BLUE GHOST FIREFLIES
On early–summer nights in pristine southern Appalachian woodlands, tiny male blue ghost fireflies–each about the size of a grain of rice–emerge en masse to beckon to wingless females in the leaf litter below. Unlike the common lightning bug, blue ghosts don't flash; instead, they emit a steady blue or green glow for 30 to 40 seconds at a time. When swarms of the flies drift together above the forest floor, nearby hikers might imagine they're standing calf–deep in an airy, luminous sea. Top spot: DuPont State Forest, NC; dfr.state.nc.us.
The rare but dazzling fungus gnat resembles a miniature crane fly as an adult, but as a larva, it behaves more like a spider with a built–in LED. On summer days, colonies of hundreds of the half–inch–long glowworms spin sticky, quarter–size webs across depressions in streambanks, cave entrances, and rocky seeps. By night, they lurk behind their snares, glowing a vivid blue to lure flies and midges that they quickly subdue with a paralyzing, venomous mucous. Top spot: Cumberland Trail, Black Mountain, TN; cumberlandtrail.org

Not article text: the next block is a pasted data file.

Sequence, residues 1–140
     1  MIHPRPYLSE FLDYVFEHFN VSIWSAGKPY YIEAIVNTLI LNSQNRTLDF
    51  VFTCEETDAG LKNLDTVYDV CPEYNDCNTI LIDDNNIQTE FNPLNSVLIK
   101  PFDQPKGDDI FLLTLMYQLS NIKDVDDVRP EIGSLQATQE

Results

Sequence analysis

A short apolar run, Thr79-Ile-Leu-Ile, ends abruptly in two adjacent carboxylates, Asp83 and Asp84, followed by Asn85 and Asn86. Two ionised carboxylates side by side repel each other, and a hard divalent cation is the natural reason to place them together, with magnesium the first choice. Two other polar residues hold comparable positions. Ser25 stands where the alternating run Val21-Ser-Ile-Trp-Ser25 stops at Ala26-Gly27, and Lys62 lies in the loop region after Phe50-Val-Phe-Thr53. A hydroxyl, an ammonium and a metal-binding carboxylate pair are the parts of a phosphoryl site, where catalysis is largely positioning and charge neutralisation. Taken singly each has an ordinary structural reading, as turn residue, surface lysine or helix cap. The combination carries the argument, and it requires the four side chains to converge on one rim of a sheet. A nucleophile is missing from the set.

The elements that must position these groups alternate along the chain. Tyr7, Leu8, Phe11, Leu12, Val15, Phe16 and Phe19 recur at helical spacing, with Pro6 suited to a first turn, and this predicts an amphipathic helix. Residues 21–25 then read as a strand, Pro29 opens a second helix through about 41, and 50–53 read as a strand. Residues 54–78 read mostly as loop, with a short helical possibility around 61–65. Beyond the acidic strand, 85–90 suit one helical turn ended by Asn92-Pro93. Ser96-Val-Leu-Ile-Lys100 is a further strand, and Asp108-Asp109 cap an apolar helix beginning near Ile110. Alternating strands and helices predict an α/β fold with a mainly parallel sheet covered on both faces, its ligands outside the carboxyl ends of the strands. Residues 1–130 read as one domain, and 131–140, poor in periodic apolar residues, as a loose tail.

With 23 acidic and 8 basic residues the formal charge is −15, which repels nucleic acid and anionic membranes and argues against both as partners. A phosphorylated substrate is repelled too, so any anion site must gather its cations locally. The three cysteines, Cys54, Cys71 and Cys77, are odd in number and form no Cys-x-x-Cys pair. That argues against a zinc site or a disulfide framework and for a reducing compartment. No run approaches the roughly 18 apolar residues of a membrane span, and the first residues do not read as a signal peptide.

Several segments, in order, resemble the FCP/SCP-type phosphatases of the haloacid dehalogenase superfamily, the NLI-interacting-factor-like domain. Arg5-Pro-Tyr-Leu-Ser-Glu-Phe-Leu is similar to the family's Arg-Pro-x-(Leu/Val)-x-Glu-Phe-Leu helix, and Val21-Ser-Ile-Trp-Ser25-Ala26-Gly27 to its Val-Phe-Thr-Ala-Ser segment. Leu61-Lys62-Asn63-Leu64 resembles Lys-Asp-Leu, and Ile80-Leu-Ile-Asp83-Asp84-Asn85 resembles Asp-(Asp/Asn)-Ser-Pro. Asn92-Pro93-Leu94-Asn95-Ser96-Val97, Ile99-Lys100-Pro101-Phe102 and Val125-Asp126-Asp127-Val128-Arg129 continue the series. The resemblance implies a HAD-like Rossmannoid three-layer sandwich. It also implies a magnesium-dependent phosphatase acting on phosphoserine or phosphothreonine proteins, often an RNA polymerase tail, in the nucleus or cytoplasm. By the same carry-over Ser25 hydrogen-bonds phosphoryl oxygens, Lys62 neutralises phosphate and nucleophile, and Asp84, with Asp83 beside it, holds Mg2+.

Also known as fairy fire and will–o–the–wisp, these forest fungi lend their ghostly glow to the rotting trees and stumps on which they thrive. Mycologists theorize that the light is a reproductive strategy, attracting insects that spread the fungus's spores. In some species, such as the honey mushroom, the threadlike mycelia (or "roots") are the most luminous parts; in others, like the bright orange Jack O' Lantern, the mushroom's gills cast a dim green light. Top spot: Larch Mountain Trail, Columbia River Gorge, OR; fs.fed.us/r6/columbia.